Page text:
Clinical significance of cell-free DNA concentration and integrity in serum of gastric cancer patients before and after surgery


Xueliang Zhang, Zhenfeng Wu, Qian Shen, Rong Li, Xiaohui Jiang, Jindong Wu, Ding Li, Ding Wang, Chang Zou, Yuejiao Zhong, Xianfeng Cheng

Abstract


Early onset of gastric cancer (GC) is almost asymptomatic, thereby making early diagnosis and early treatment difficult. Blood samples were taken from 90 GC patients who had not undergone surgery, and from another set of 110 GC patients who had undergone surgery. The control consisted of 90 healthy individuals. Cell-free DNA (cfDNA) and its integrity were assayed using qPCR. The association between cfDNA levels and clinical presentations of GC was analyzed. In addition, cfDNA, carcino-embryonic antigen (CEA), carbohydrate antigen 724 (CA724), carbohydrate antigen 125 (CA125) and carbohydrate antigen 199 (CA199) were subjected to specificity and sensitivity analyses using ROC. The levels of cfDNA of GC patients before surgery were markedly higher than corresponding values in patients with GC after surgery. Post-surgery, the two indices were also significantly higher in GC patients than in the healthy group. The correlation between cfDNA concentration/integrity and gender, age, TNM stage, tumor differentiation, tumor location, neuronspecific enolase (NSE), or alpha fetoprotein (AFP) expression, was not significant in GC patients before or after surgery. However, the correlation between cfDNA and concentrations of CEA/CA125 was significant. The CA199 expression level was significantly correlated with cfDNA integrity. The AUC values of cfDNA concentration and integrity were higher than other tumor markers. Measurement of cfDNA concentration and integrity may be an ideal tumor screening method with higher sensitivity and specificity than traditional tumor biomarkers. The cfDNA concentration and integrity are significantly increased in plasma of GC patients, and may serve as promising indicators for GC.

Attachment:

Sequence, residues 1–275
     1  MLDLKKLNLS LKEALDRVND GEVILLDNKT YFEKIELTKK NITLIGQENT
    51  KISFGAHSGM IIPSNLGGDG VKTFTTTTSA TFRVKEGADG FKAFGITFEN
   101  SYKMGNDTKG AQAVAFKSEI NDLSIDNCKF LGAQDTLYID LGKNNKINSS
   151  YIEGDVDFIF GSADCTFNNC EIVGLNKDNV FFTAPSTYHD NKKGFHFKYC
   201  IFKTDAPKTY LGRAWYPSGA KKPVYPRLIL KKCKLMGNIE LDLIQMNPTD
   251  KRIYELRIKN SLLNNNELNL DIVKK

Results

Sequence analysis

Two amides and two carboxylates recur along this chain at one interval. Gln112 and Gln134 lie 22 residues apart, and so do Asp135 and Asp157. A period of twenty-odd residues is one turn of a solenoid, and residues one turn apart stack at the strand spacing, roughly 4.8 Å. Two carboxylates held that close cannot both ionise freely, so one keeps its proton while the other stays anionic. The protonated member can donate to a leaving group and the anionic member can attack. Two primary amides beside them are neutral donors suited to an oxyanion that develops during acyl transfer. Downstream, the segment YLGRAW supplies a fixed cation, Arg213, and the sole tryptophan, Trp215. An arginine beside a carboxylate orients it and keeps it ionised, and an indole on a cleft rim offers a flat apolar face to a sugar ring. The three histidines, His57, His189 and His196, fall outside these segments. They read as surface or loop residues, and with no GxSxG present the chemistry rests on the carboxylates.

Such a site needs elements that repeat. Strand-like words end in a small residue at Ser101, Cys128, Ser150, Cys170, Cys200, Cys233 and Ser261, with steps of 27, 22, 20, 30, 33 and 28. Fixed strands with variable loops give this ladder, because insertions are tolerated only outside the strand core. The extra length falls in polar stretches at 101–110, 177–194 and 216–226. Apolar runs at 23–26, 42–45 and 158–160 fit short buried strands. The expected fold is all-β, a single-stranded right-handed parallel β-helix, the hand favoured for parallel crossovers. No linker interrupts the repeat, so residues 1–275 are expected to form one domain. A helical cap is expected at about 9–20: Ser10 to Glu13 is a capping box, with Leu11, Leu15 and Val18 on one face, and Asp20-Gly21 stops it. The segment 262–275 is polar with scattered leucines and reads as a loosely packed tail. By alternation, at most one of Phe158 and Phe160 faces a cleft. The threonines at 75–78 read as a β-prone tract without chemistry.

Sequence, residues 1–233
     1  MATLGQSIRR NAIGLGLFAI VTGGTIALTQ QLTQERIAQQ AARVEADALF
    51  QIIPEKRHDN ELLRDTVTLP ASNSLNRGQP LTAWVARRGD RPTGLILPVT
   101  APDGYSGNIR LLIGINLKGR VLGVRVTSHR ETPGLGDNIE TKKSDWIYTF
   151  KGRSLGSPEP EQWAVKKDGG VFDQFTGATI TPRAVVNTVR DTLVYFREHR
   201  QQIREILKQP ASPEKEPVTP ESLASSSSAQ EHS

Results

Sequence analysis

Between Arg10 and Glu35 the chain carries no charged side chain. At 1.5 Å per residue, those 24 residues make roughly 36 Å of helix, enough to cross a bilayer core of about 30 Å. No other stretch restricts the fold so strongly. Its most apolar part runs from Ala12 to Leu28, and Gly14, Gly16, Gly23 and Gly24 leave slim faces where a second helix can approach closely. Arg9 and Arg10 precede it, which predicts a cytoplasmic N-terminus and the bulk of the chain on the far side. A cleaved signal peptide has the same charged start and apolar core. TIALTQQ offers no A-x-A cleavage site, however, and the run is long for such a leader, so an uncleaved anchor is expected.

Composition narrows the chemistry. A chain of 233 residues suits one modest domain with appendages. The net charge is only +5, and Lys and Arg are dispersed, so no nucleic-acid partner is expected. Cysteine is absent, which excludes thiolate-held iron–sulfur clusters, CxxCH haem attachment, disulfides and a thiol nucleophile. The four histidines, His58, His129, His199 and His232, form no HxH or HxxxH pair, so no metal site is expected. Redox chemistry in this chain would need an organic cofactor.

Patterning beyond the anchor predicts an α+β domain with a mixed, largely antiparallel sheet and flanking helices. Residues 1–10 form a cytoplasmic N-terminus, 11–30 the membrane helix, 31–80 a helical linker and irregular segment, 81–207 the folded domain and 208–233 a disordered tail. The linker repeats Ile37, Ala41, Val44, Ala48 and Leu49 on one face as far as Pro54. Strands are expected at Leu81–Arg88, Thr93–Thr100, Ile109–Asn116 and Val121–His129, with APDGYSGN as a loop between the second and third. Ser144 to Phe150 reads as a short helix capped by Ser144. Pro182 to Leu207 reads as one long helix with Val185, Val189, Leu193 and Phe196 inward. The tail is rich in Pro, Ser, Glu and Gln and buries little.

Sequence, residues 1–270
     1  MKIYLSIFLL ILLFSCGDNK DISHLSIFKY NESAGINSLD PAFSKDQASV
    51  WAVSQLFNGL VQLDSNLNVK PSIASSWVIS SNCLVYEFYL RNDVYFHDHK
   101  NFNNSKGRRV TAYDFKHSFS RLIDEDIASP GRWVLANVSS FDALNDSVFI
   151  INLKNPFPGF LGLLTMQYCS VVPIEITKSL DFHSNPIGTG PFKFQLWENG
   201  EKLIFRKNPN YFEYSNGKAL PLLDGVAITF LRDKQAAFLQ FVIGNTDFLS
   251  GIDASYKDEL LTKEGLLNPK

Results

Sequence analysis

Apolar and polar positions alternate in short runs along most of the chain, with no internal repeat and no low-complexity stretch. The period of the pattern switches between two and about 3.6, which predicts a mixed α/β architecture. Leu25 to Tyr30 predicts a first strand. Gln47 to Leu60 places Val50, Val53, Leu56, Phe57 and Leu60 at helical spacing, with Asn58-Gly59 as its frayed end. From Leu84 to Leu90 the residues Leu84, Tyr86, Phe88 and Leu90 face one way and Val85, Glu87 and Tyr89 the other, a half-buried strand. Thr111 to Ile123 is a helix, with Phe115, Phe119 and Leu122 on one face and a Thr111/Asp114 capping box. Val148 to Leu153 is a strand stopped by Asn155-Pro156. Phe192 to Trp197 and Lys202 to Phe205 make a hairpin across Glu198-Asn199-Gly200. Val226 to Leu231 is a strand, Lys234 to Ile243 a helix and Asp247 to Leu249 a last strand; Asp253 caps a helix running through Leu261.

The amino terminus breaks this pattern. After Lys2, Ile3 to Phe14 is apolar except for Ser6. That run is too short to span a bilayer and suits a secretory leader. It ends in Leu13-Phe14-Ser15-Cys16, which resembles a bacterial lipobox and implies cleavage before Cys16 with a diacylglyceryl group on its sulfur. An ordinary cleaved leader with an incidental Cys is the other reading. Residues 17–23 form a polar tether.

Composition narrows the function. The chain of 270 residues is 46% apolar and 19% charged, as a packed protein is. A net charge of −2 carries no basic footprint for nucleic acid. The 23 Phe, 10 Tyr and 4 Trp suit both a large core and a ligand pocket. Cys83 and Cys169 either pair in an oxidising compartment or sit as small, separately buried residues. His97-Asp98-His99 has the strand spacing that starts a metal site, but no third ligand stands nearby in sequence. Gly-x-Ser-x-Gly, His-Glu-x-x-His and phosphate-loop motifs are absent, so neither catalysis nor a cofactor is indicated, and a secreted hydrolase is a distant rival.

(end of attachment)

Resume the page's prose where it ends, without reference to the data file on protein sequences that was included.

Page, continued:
Keywords


Gastric cancer; Cell-free DNA; Quantitative PCR; ROC curve.

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